• The policy aims to train anganwadi workers and school teachers to help parents and care-givers understand the “physical and emotional needs of children to facilitate and affirmative and positive environment” for their growth. It also proposes teaching mandatory life skills education in schools and colleges that, among other things, includes discussions on issues of gender and social exclusion.
• To bring down rates of suicide in India, the policy talks of setting up crisis intervention centres, training community leaders to recognise risk factors, restricting access to means of suicide and also framing guidelines for responsible media reporting of the issue.

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Cloud Bursts

What is cloud burst?
• The cloudburst is a localized weather phenomena representing highly concentrated rainfall over a small area lasting for few hours. This leads to flash floods/ landslides, house collapse, dislocation of traffic and human casualties on large scale.
• Meteorologists say the rain from a cloudburst is usually of the shower type with a fall rate equal to or greater than 100 mm (4.94 inches) per hour.

Impact of Cloudburst
• It cause flood, Huge distraction, destroy vegetation and loss to human life.

How does it form?
• Generally cloudbursts are associated with thunderstorms. The air currents rushing upwards in a rainstorm hold up a large amount of water. If these currents suddenly cease, the entire amount of water descends on to a small area with catastrophic force all of a sudden and causes mass destruction. This is due to a rapid condensation of the clouds. They occur most often in desert and mountainous regions, and in interior regions of continental landmasses.

Prone areas
• They occur most often in desert and mountainous regions, and in interior regions of continental landmasses.
• The topographical conditions like steep hills favour the formation of these clouds in the mountainous regions. And also the devastations, as water flowing down the steep slopes bring debris, boulders and uprooted trees with great velocity damaging any structure that comes in their way.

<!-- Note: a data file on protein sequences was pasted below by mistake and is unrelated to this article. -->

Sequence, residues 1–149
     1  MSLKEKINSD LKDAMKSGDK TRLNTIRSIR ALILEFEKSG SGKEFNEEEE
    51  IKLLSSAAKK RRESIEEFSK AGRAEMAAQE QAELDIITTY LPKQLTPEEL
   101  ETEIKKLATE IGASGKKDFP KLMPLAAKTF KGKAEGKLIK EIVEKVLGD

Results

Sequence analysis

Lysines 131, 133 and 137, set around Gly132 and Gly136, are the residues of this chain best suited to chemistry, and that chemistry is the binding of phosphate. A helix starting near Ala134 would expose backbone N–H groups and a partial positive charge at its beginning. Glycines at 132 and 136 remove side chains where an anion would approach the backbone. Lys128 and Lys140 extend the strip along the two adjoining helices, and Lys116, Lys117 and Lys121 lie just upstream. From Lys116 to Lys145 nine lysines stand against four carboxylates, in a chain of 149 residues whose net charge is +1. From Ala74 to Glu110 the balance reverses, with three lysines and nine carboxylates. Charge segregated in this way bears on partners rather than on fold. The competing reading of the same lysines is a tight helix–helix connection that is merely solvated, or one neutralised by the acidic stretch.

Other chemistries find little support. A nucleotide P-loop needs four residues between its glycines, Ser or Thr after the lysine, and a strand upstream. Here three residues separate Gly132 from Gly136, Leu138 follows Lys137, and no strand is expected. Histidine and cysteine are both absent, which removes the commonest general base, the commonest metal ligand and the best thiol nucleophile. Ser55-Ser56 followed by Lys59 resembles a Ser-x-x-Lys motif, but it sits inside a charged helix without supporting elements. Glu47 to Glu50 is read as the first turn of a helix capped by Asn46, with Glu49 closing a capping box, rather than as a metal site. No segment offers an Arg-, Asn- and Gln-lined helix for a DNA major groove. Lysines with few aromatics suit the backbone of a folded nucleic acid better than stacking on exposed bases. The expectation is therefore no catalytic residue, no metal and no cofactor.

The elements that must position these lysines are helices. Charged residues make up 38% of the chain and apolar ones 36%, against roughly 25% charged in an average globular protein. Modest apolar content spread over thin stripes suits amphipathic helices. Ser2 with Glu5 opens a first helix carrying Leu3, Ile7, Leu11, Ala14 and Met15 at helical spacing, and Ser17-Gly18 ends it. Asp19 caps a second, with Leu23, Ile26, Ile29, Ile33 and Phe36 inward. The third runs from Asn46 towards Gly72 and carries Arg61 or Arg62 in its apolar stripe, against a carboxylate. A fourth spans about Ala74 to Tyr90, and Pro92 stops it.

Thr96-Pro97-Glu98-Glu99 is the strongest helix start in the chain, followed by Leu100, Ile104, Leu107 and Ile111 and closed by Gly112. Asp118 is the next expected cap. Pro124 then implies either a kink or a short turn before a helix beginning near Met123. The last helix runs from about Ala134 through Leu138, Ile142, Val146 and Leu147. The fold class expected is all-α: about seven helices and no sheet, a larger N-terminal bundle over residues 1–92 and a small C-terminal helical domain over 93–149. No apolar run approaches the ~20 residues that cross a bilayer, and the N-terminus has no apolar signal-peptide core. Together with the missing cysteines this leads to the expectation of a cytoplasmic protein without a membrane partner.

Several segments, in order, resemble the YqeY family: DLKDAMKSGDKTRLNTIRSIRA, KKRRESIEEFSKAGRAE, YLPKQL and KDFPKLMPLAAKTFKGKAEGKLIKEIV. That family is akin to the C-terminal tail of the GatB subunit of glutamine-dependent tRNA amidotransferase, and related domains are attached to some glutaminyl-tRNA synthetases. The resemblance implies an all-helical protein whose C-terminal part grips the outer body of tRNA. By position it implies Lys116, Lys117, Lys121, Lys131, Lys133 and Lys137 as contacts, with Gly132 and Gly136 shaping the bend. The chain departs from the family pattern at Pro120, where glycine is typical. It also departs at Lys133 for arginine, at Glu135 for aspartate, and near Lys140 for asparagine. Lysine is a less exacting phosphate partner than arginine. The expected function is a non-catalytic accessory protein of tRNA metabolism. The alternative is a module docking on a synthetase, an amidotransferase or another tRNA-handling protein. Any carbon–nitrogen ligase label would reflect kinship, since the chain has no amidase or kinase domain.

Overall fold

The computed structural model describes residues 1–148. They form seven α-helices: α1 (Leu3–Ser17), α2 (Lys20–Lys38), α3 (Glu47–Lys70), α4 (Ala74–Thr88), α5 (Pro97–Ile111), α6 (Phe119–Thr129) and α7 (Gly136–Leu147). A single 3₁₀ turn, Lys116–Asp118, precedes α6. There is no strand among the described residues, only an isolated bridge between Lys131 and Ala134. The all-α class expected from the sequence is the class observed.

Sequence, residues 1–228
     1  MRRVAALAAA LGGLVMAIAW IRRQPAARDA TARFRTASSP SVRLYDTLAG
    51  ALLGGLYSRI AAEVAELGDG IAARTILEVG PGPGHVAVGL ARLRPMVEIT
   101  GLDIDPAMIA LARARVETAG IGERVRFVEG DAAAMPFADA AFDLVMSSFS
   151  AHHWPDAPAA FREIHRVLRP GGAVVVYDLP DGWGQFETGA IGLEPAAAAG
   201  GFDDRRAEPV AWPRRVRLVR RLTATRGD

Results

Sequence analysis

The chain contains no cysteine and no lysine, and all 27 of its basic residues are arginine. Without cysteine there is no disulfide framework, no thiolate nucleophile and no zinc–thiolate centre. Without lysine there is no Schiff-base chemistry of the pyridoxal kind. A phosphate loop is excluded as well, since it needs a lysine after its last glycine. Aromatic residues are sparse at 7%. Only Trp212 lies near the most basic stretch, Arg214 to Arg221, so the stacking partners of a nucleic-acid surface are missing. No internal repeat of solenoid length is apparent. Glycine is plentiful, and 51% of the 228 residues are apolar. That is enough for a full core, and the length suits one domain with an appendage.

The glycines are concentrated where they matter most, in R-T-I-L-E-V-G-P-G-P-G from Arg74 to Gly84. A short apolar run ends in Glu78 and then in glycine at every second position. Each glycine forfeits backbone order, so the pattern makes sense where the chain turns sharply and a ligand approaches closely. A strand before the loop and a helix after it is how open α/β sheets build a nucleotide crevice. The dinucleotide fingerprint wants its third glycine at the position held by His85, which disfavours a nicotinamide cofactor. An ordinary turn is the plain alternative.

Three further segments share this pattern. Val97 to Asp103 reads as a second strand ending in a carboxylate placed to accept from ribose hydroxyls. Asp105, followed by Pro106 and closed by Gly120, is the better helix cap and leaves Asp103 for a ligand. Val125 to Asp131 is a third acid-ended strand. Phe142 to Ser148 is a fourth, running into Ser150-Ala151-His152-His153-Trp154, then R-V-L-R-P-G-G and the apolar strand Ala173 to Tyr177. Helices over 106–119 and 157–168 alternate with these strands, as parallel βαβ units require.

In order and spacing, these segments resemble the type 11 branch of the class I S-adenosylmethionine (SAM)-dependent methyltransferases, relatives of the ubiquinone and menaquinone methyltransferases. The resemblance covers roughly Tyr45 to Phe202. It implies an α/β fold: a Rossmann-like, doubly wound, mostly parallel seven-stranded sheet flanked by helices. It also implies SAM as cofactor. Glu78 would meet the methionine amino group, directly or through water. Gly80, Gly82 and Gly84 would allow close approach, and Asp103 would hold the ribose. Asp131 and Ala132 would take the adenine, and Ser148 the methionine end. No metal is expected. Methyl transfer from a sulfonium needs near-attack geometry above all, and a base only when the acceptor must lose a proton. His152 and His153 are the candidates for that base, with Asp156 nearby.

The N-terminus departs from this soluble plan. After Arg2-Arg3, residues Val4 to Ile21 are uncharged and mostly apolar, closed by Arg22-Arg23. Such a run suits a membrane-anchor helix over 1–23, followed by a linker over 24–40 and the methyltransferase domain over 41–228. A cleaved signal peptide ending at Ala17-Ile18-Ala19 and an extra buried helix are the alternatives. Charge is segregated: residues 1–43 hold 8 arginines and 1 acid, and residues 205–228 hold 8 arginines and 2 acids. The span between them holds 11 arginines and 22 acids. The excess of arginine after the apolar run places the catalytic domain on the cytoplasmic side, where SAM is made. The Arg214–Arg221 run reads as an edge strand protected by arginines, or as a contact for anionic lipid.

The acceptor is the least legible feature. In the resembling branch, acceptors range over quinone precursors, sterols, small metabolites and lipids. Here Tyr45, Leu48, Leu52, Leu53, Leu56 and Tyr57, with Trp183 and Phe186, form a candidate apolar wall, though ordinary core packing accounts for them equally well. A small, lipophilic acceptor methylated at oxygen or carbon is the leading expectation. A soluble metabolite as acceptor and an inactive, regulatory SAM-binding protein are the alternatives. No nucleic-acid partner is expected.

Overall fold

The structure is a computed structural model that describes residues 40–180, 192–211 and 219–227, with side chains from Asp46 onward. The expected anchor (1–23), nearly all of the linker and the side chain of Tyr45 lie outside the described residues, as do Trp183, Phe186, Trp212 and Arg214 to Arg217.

• The Chhotanagpur plateau spread across north Odisha, West Bengal and Jharkhand is the world’s most vulnerable spot for formation of severest thunderstorms.
• Cloudburst can occur not only in the monsoon seasons but also during March to May which is known for severe convective weather activities.

Examples of cloudburst
• 2010 Ladakh Floods: A major cloudburst and heavy rainfall on the intervening night of August 6, 2010 triggered mudslides, flash floods and debris flow in Jammu and Kashmir’s Ladakh. 71 towns and villages in Leh were affected in the region and at least 255 people died.
• 2013 Uttarakhand Floods: The multi-day cloudburst in the hill state of Uttarakhand triggered flash floods and massive landslides.

• The large scale features, which are conducive for occurrence of severe thunderstorms associated with cloudburst, are predictable two to three days in advance. However, the specific location and time of cloud burst can be predicted in NOWCAST mode only, i.e. a few hours in advance, when the genesis of thunderstorm has already commenced. To detect these sudden developments, a Doppler Weather Radar (DWR), a powerful tool for time and location specific prediction of cloudburst, can be deployed a few hours in advance. Coupled with satellite imagery this can prove to be useful inputs for extrapolation of cloudbursts anywhere in India.